Learn to read your eyeglass prescription
It is definitely not possible to read a doctor’s prescription for the simple fact that it is not always legible. But in certain cases, even when it is legible, one can never understand what each medical abbreviation means. The notations and terms sound like a foreign language that we are not familiar with. In general, we accept what the doctor tells us and follow the suggestions instead of trying to figure out the prescription.
The same goes for our eyeglass prescriptions. If the doctor says that he needs to wear glasses, he gets his opinion and prescription and takes it to the opticians who provide him with the required prescription glasses. However, there are many people who are eager to read and know what their vision status really is and what power of glasses they should buy, before passing the paper to the optician.
For these, a simple line of what the recipe would look like. Placing an example OS means +1.00 DS; OD is -2.00 – 0.50 x 180; ADD refers to +1.75 O. Surely a layman cannot understand what these terms mean. Doctors are understood to use Latin abbreviations when writing prescriptions for eyeglasses.
Speaking in Latin terms, OD stands for ‘oculus dexter’, which refers to the right eye. Oculus sinister or OS means the left eye. If you find OU, then your doctor refers to both eyes. Now, do you understand how to decipher the numbers that precede these abbreviations? Simple, here are some important tips.
Prescription glasses have many numbers by which doctors explain the state of your vision. For example, the starting number for OD is -2.00 and refers to either farsightedness or nearsightedness; the sign (-) means that the motorized lens must be negative for myopia. The (+) sign means hyperopia. If the prescription says -0.50 it refers to the power between the two eyes that are 90 degrees apart. The x180 refers to the 180 axis that shows the location of the positive meridian of the eye.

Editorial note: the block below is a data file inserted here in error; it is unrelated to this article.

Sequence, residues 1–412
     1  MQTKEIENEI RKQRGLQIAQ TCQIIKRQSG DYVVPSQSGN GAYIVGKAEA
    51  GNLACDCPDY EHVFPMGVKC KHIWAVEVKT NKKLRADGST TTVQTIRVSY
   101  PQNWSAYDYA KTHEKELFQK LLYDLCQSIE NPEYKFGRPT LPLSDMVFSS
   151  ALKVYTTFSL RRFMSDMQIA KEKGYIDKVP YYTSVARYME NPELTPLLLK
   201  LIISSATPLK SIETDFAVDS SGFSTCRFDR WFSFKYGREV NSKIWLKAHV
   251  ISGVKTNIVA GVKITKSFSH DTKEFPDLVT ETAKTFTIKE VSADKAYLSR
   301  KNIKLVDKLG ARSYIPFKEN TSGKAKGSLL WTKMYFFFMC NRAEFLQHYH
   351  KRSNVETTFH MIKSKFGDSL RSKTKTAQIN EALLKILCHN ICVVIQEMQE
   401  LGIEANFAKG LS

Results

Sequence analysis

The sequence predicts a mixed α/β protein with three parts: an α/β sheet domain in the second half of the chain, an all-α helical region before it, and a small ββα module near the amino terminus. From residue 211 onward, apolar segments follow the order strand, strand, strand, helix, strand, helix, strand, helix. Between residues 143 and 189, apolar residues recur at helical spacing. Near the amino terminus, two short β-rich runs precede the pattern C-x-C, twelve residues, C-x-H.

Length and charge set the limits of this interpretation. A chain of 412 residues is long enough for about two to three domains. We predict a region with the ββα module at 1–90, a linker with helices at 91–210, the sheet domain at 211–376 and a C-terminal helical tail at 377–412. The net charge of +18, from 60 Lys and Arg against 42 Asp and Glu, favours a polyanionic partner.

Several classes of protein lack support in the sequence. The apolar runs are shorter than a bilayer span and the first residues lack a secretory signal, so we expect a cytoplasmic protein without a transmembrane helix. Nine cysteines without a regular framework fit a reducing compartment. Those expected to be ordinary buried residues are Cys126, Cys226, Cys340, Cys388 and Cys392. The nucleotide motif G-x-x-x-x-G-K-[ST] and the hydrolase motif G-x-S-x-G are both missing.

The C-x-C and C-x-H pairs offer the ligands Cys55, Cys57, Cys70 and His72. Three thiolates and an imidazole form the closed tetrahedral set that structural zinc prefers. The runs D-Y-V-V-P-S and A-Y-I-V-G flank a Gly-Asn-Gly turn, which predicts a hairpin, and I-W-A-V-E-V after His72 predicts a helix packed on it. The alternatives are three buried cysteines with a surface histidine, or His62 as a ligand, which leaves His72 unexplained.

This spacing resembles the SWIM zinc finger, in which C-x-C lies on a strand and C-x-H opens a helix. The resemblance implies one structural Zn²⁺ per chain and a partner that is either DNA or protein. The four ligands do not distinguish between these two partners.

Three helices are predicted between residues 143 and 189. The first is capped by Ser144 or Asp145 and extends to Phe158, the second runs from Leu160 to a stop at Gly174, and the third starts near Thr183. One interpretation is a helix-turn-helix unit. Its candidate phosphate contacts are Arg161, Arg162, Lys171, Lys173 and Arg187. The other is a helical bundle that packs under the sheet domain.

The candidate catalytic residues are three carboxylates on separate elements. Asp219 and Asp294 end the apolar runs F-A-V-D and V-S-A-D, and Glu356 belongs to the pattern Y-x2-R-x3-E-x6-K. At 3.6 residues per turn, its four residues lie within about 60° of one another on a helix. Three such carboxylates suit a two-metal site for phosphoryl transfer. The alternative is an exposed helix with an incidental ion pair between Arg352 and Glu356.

Let’s take the rest of the numbers as +1.00 DS. The DS here refers to the diopter sphere, which means that the correction in the left eye is spherical in nature and has no astigmatism. The ADD number +1.75 indicates that a patient requires prescription glasses for near vision. This is a situation that is more common after the age of 40.
It should be noted that the +1.75 power should not be considered as reading glasses; instead, a little calculation must be done which would arrive at -0.25 thus -2.00 +1.75 = 0.25. In this way you would arrive at the result that the right eye will be -0.25 -0l50 x 180 and the left eye will be +1.75 +1.00 = +2.75 SD
However, simply reading and understanding what these numbers and abbreviations mean does not allow you to use your own decisions to choose the right prescription glasses. It’s always best to follow your doctor’s advice and buy your glasses from reputable manufacturers or stores, either online or at your nearest optician you know.
With many leading prescription eyewear brands, choosing the right one is always very difficult. Regardless of design and price, the most important factor to consider when buying prescription glasses is the exact power that is prescribed for your type of eye defect. If the power is not perfect, there could be many side effects like headache and so on. Also beware of fake sellers who have eyeglasses that look cool but aren’t made for over-the-counter use.